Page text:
Conflict resolution

Reed Johnson | Los Angeles Times | 19 Feb 2006

IN Demian Flores Cortes’ hometown of Juchitan, in southern Mexico, women hold most of the economic and social power. In his adopted home of Mexico City, machismo still rules.

In Juchitan (pronounced hoo-chee-TAHN), the favorite sport is baseball. Here in the nation’s capital, it’s soccer.

In Juchitan, many natives still converse in the indigenous Zapotec tongue and commune with ancient pre-Hispanic gods. In Mexico City, the populace genuflects before the deities of television, movies and advertising and bristles at the invasion of globalized gringo-speak even as it apes the latest Hollywood slang, fashions and attitudes.

Such a mishmash heritage might seem a recipe for a severe case of cultural schizophrenia. But Flores has been absorbing these types of contradictions since adolescence.

In doing so, he has developed an artistic sensibility that moves fluidly between pre-Hispanic and modern, rural and urban, indigenous cosmology and Madison Avenue, Mexican culture and what Mexicans refer to as “North American” culture – north, that is, of the Rio Grande. While many contemporary Mexican artists grapple with that nebulous abstraction known as “the border,” in Flores’ vision la frontera can be practically anywhere outside Juchitan, which for him constitutes a world unto itself.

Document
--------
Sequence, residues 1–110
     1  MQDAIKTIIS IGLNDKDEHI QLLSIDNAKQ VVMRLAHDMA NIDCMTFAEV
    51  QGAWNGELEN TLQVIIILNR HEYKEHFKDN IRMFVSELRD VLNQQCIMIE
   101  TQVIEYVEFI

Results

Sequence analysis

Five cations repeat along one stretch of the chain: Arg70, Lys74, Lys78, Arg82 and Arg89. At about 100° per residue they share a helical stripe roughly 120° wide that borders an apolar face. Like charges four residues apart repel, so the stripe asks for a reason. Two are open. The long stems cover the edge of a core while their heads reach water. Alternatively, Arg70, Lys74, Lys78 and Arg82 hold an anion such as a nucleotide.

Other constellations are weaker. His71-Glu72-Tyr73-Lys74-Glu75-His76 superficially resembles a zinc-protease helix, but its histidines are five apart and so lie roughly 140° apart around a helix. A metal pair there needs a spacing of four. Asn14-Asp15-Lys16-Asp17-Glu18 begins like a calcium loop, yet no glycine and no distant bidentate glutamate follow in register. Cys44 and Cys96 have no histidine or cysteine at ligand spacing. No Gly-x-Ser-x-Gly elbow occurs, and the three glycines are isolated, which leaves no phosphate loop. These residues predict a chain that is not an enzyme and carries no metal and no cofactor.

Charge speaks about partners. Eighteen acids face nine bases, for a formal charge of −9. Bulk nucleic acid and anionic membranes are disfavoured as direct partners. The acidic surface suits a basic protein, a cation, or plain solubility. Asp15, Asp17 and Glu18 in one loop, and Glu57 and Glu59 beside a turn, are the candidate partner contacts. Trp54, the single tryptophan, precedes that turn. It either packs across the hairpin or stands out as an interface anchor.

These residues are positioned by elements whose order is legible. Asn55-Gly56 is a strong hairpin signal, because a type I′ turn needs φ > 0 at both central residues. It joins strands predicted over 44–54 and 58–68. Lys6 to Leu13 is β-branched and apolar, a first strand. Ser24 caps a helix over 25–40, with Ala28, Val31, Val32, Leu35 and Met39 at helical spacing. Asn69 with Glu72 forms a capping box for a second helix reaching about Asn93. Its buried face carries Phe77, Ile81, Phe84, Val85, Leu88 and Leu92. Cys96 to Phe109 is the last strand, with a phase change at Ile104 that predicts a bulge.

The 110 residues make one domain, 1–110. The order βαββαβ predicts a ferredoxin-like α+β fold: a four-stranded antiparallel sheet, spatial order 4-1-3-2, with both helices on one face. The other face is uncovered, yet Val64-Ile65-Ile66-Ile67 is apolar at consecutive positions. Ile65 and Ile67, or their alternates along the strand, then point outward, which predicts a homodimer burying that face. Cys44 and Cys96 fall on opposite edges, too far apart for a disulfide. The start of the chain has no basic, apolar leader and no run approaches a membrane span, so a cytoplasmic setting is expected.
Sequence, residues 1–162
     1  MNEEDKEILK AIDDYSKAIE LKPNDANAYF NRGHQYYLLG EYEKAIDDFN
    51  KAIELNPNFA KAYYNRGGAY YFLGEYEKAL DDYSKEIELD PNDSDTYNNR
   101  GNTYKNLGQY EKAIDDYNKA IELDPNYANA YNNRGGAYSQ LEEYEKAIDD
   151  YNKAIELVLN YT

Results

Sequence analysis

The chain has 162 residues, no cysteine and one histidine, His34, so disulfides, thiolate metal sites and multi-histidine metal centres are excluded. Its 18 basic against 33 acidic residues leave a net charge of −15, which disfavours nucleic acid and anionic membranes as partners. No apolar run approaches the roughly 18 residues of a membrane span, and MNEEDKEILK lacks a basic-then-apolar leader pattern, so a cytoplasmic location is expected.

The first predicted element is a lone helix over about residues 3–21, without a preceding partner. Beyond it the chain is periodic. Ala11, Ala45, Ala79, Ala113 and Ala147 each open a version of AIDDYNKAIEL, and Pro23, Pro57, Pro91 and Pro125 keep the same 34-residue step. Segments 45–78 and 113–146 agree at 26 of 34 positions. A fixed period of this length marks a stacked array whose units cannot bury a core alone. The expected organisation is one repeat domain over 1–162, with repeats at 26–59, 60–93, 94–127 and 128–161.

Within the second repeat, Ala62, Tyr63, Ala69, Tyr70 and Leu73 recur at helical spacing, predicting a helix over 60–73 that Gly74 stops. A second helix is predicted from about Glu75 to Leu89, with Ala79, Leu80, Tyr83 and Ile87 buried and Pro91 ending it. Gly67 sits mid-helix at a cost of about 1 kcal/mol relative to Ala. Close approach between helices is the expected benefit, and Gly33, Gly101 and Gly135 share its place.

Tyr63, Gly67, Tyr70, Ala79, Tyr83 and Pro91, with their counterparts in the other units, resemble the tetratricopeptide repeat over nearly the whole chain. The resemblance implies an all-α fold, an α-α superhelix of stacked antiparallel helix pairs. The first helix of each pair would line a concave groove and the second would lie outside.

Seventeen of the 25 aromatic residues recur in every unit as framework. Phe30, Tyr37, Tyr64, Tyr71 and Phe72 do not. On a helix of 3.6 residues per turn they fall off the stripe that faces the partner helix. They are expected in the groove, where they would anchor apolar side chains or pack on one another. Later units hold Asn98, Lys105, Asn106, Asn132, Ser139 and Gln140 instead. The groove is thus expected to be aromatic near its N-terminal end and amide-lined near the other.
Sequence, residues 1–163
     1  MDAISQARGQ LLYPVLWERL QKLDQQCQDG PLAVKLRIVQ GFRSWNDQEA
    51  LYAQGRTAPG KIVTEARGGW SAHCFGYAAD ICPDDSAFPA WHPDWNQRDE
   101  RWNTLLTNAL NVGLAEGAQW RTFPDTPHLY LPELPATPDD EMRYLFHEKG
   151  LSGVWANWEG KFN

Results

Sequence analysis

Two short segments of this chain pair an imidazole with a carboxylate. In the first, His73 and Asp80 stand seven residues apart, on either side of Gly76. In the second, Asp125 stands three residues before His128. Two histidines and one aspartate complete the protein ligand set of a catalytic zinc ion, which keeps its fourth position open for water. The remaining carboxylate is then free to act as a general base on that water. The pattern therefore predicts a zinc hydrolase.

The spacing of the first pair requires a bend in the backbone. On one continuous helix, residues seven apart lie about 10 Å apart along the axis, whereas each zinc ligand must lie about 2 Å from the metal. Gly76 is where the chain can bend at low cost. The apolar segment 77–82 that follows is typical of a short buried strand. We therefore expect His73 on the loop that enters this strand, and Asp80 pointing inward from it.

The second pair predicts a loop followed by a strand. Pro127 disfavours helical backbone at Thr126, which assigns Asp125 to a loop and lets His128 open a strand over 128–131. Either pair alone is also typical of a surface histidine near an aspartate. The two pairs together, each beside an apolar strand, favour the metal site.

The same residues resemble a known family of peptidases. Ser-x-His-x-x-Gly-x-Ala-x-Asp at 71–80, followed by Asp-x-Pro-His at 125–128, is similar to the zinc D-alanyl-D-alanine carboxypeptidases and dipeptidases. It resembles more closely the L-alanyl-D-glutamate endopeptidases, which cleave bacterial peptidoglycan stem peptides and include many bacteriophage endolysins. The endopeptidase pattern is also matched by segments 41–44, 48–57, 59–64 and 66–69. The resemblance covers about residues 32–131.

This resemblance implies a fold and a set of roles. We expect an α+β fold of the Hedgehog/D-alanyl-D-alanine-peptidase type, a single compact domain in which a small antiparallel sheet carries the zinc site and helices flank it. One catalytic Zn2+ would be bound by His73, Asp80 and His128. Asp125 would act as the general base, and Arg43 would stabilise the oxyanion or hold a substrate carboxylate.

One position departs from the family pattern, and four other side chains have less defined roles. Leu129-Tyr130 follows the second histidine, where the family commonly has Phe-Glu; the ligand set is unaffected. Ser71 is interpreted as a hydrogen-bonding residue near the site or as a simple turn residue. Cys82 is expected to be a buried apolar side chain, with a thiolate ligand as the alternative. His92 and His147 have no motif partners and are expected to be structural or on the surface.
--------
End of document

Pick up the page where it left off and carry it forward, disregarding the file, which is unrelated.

“For me, the frontier is a line that one crosses imaginatively,” says Flores, showing visitors around his art-studded home at the far southern end of the capital and talking with his customary quick cadences. “And for me, Juchitan is a species of frontier. So I am trying to find or to start dialogues between this, on the one side, indigenous Juchiteca and all the rest of the world, which could be Mexico City or anywhere else.”

Feeling at home in more than one aesthetic universe at the same time is a trademark of both Flores’ life and his art. Born in Juchitan in 1971 but partly raised in Mexico City, where his family moved when he was a teenager, Flores assimilated both the centuries-old Zapotec culture and the modern pop culture of the Chilangos, as Mexico City residents are known. Flores likes to refer to himself as a “Juchilango,” a term that echoes the Mexican concept of mestizaje, or “mixed race” – the blending of disparate elements and identities to form a new people or new culture. The quality of mestizaje is present throughout Flores’ growing body of prints, paintings and installations, which incorporate imagery from ancient Mesoamerican codices as readily as they do comic books and corporate advertising.


Resistance and conquest

FLORES’ cultural duality reverberates in the punning title of his current solo exhibition, “MATCH dual presence,” as well as in the show’s remarkable double venue. “MATCH dual presence” is being presented simultaneously, in halves as it were, in the Hertha and Walter Klinger Gallery at the USC Fisher Gallery and in the Sala de Arte at the University of Baja California in Tijuana. It runs through April 15.